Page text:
Participants who were overweight believed that the fit doctors would disapprove of patients with unhealthy habits, and as a result overweight participants preferred physicians who did not advertise their fitness.
A global study based on daily steps counted by smartphones discovers “activity inequality.” It’s similar to income inequality, except that the “step-poor” are prone to obesity while the “step-rich” tend toward fitness and health.
A new deep learning algorithm can diagnose 14 types of heart rhythm defects, called arrhythmias, better than cardiologists. This could speed diagnosis and improve treatment for people in rural locations.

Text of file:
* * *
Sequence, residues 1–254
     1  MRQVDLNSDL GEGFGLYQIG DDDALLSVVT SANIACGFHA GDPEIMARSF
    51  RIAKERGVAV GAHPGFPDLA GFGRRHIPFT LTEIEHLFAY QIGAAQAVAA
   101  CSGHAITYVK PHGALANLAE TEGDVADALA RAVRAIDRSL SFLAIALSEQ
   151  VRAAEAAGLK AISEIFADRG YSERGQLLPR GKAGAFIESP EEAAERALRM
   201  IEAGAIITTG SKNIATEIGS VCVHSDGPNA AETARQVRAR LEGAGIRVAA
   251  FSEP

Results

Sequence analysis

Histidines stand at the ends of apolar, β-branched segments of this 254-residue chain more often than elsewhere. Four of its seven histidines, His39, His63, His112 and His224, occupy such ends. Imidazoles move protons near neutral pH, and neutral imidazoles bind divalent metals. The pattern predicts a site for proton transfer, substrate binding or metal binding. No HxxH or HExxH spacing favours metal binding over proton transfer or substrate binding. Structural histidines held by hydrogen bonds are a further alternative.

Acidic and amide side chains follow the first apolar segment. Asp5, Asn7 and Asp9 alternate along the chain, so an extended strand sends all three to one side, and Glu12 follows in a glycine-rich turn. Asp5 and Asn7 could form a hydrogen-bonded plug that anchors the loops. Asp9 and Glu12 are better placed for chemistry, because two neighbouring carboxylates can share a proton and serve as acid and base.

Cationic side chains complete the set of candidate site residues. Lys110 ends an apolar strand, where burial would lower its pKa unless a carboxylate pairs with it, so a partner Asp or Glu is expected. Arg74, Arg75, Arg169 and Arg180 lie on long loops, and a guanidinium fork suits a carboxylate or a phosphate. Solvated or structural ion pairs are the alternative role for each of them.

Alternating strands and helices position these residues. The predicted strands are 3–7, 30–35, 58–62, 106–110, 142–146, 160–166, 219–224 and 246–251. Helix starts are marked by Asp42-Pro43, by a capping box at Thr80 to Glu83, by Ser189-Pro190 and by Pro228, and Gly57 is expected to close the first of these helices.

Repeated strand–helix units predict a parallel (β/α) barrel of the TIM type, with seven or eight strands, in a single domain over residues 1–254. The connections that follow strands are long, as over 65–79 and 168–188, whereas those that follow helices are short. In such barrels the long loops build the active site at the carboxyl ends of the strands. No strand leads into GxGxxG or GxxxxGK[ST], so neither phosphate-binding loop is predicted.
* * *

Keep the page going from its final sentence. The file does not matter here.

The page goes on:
Patients with the irregular heart rhythm known as atrial fibrillation who got early cardiology care had a reduced risk of stroke, probably because they were more likely to be prescribed anticoagulants, Stanford researchers found.
A new technology can monitor and maintain the level of drug in the bloodstream of animals. If it works in people, it could deliver the optimal dose of life-saving drugs and prevent harmful over- or underdosing.
Students in a Biodesign Innovation class got a first-hand look at challenges in health care with intense – and inspiring – hospital simulations. These students took what they learned in the simulations and applied it to new technology solutions.